If you had asked me ten years ago if I loved myself, I would have said "Of course," and not given it much thought. Yet I have come to realize how little that was true.
Over the years, I have slowly noticed the many not-loving things I do and say to myself on a regular basis. Tracing back their origins, I see that these actions and thoughts were born from my upbringing, the culture I was raised in. Like most Americans, I was raised in a competitive environment. "Achieve, Succeed" was the mantra, and I was taught to push myself harder and farther, to excel, because nothing less was acceptable. Being okay was always another achievement away, tantalizingly close but forever out of reach. Accepting oneself in the moment seemed akin to failure - not only failing yourself, your family, your school, your community, but also God.
I took the mantra to heart and beat myself relentlessly. Years later, having left the religion of my birth, finished school, moved across the country, gone to hours of therapy, and adopted a new value system, the attitude remains. I am still learning how to quiet the incessant overseer of my mind, and listen to my higher self instead:
I am enough.
Exactly as I am today, with all my gifts and flaws, I am enough.
It has taken me a long time to realize embracing this attitude won't lead to atrophy. Quite the opposite. This change has redirected the energy I used to spend on anxiety and self-hate into the more pleasurable and productive activities of growing and learning, taking on new challenges and being ambitious.
And yet now and again I catch myself taking something as Truth that is not. "My work is not good enough," I might think, or "I don't measure up to so-and-so." I am grateful when I catch myself, because then I have the opportunity to correct the situation, amend it with love. "This work is excellent," "so-and-so has beautiful gifts to bring to the world and so do you."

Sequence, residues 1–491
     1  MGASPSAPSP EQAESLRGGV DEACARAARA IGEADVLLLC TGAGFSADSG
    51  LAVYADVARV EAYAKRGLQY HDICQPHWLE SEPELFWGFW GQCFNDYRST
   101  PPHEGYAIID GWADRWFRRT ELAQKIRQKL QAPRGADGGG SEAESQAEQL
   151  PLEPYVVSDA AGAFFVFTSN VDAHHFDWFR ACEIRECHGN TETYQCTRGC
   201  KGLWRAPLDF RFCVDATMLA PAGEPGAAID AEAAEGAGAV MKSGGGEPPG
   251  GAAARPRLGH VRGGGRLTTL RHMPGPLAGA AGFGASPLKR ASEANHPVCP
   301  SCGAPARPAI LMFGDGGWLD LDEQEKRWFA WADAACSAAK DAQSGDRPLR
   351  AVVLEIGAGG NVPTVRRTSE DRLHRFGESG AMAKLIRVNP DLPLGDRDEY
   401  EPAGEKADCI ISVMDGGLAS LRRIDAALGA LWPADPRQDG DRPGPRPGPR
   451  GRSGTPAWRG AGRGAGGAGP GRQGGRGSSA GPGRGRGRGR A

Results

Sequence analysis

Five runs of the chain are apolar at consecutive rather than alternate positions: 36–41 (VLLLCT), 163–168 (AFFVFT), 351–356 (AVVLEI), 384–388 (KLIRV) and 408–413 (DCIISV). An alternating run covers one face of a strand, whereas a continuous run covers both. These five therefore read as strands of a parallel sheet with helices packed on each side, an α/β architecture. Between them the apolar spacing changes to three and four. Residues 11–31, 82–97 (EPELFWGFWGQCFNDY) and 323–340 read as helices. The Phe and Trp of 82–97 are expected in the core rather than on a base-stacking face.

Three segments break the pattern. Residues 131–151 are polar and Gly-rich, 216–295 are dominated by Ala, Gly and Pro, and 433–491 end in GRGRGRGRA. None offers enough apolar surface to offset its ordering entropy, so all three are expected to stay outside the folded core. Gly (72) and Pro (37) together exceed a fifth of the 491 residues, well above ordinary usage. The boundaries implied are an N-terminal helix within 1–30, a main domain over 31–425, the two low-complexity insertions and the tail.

Learning to love myself is a process that I will take the rest of my lifetime. And I am so glad to be doing it.
As far as my background with pelvic pain goes, experiencing illness as someone who hates herself is much more difficult than experiencing illness as someone who loves herself.
It is easier to look for help when you love yourself. It is easier to find and be a part of a community. It is easier to speak up for yourself at the doctor's office, to do your physical therapy exercises, to ice diligently when you love yourself. The whole process of healing becomes easier, more gentle through self-love.
Think of this post the next time you blame yourself for being sick, or beat yourself up for not getting better faster, or decide that you must be a loser because your illness prevents you from doing X. Take all of that frustrated energy and transform it, re-direct it with love.
We cannot change the facts of our illness, but we can endlessly transmute our response to it. That is where our power lies, our character lies; that is where we become who we want to be, regardless of the circumstances of our bodies.
When I look at who I have become through pelvic pain, I am very proud of myself. I have chosen to be tough, to be gentle, to never give up; I have chosen to be compassionate, to understand, to nurture.
I chose love.
What do you choose?